Museum Education Programs Development Continues

Museum Education Programs Development Continues

 “Does this photo show a caring or mean action?” asks the facilitator during a session testing the kIDsafe program for preschoolers and kindergarteners. A participant holds up a sign indicating she thinks it’s a mean action.

Construction on the National Law Enforcement Museum building is in full swing, and thanks to a generous grant from the Verizon Foundation, so are efforts to build the Museum’s slate of educational programs. 

Awarded at the end of 2008, the $1.5 million grant has supported development of domestic violence awareness and school-age student programming. Grant funds for interactive technology and exhibits in the Museum will be used once Museum construction is further along. 

Funding from Verizon has supported development of domestic violence (DV) awareness programs, which seek to increase awareness of this often private and volatile problem, thereby contributing to a safer society.  Programs to address DV are a natural fit for the National Law Enforcement Museum, since according to FBI statistics, no assignment poses more uncertainty and potential hazard to an officer than a domestic disturbance call.  DV awareness programs are the first of several more community-focused Socially Responsible Education Programs to come, which will work to have a positive effect in areas deeply important to the community and the Museum’s visitors.

Click on photo to view larger image.

 A student beta tests “Take the Case: Chain of Evidence” for Museum educators. Students played the game while an educator observed; they also offered written feedback.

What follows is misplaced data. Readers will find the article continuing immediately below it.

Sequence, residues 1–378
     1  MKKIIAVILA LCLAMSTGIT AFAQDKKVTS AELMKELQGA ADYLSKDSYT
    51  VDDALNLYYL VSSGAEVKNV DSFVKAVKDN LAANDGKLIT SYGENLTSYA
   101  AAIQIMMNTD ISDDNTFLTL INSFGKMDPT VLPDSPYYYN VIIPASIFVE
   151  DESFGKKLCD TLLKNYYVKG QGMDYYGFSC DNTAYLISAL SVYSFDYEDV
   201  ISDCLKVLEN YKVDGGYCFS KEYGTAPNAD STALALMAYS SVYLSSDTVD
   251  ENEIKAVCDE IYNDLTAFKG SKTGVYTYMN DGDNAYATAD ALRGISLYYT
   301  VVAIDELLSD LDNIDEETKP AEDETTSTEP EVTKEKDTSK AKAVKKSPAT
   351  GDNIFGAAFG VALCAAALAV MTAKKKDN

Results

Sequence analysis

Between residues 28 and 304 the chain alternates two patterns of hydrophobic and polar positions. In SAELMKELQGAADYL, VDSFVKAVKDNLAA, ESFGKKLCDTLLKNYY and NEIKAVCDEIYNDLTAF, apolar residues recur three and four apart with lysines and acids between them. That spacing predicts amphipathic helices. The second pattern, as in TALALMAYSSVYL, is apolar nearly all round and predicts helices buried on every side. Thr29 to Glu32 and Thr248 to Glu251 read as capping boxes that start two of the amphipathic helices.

The innovative “Domestic Violence Awareness Program” has been developed for school professionals in partnership with the Education Development Center.  The program will train teachers, administrators, school counselors, guidance counselors, and other staff members to identify, address, and support students who are exposed to DV at home.  Activities addressing healthy relationships for a range of ages have also been developed through Verizon’s support.  These activities will eventually become part of monthly “kIDsafe Saturday” family days, which will feature age-appropriate activities for the whole family on a range of safety topics that affect their daily lives.

Verizon’s grant has also enabled the Museum to work on programs for school-age students, part of its still-growing slate of education programs that will become available over the next two years.  “What’s in the Evidence?”, a classroom-based forensic science program; an online forensic science educational game called “Take the Case: Chain of Evidence;” and a civics-infused walking tour called “Policing: Where Democracy Meets the Streets” have all been created and have gone through early testing with support from Verizon.  The Museum has also been able to begin developing partnerships with organizations such as the Center for Civic Education and schools such as the Columbia Heights Educational Campus in Washington, DC.  These partnerships help us reach more students, develop programs in line with educators’ and students’ needs, and work with experts in a variety of fields to create strong, effective programs.

The Verizon Foundation’s generous support of the interactive technology in the Museum will be fully realized beginning in 2012, when development of those portions of the core exhibition begins.

Using the efforts of the last two years as a springboard, Museum Education Programs staff will be continuing to create programs.  When the Museum opens, all the programs mentioned above will be offered alongside programs for adults, special lectures and events, gallery-based programs, and so much more.  Every program has the ultimate goal of building mutual respect and fostering cooperation between the public and the law enforcement profession.

Exciting times are ahead—continue reading this newsletter and our website for more information, and don’t hesitate to reach out to us with ideas, partnership suggestions, support, and more.  We look forward to hearing from you and seeing you soon!

   

NATIONAL LAW ENFORCEMENT MUSEUM

901 E Street, NW, Suite 100 | Washington, DC 20004-2025 | phone 202.737.3400 | fax 202.737.3405
www.LawEnforcementMuseum.org | museum@nleomf.org